1. All the letters referred to are missing from the Culver Collection except the one from Sister Lizzie Zug. []
  2. Capt. P.C.F. West of the U.S. Coast Survey was on the staff of Brig. Gen. William F. “Baldy” Smith, the Army of the Cumberland’s chief engineer. O. R., Ser. I, Vol. XXXI, pt. I, p. 78. []
  3. Martin’s Hotel was better known as the Farmer’s Hotel. Judges F. Watts and Samuel Hepburn owned lots on opposite sides of East High Street, between Bedford and Hanover Streets. []
  4. Brig. Gen. Joseph F. Knipe commanded the 1st Brigade, First Division, XII Corps. Knipe’s brigade until October 22, when it was ordered to Bridgeport, was stationed at Decherd. O. R., Ser. I, Vol. XXXI, pt. I, p. 696. []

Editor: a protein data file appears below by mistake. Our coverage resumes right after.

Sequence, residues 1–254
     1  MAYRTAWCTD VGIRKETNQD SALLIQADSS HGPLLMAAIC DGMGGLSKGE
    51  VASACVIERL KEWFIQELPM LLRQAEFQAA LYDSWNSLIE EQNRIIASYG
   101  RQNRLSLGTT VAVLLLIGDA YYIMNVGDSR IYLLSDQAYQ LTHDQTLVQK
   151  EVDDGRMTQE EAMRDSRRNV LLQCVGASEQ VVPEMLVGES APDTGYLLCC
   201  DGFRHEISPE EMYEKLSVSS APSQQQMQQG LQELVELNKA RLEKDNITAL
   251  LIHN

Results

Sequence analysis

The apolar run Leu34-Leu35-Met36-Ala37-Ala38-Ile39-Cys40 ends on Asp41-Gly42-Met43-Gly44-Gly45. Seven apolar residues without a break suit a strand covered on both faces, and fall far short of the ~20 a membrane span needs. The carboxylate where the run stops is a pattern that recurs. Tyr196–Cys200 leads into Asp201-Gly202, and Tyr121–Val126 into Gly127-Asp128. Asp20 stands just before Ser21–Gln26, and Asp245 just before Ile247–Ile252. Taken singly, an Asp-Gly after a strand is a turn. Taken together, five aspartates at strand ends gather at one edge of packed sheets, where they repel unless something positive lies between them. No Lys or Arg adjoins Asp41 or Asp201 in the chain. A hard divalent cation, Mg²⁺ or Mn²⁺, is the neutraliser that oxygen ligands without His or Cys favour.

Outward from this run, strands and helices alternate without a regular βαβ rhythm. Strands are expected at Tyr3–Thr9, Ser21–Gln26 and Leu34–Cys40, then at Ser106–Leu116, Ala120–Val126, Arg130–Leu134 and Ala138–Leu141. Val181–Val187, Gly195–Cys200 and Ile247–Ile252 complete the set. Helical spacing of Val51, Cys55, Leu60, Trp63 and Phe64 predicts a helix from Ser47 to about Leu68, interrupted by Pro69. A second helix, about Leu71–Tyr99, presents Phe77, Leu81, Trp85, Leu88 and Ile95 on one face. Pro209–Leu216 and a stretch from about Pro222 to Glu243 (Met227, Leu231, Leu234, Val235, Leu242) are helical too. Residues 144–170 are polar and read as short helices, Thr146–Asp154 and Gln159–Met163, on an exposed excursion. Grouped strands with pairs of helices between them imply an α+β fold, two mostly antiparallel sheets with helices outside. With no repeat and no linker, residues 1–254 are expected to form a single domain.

5. On October 16 the Departments of the Ohio, the Cumberland, and the Tennessee were consolidated and constituted “The Military Division of the Mississippi,” to which command Maj. Gen. Ulysses S. Grant was assigned. By the same order General Rosecrans was sacked and General Thomas named to lead the Army of the Cumberland.
    General Hooker’s two corps were still at Stevenson and guarding the railroad between Bridgeport and Wartrace. General Sherman with his four divisions had left Corinth, and by the 21st his advance guard had reached Tuscumbia, Ala., on its march east. Grant on taking command had ordered Thomas “to hold Chattanooga at all hazard,” and Thomas had replied, “I will hold the town till we starve.” Ibid., p. 666; Cist, Army of the Cumberland, pp. 233-234. []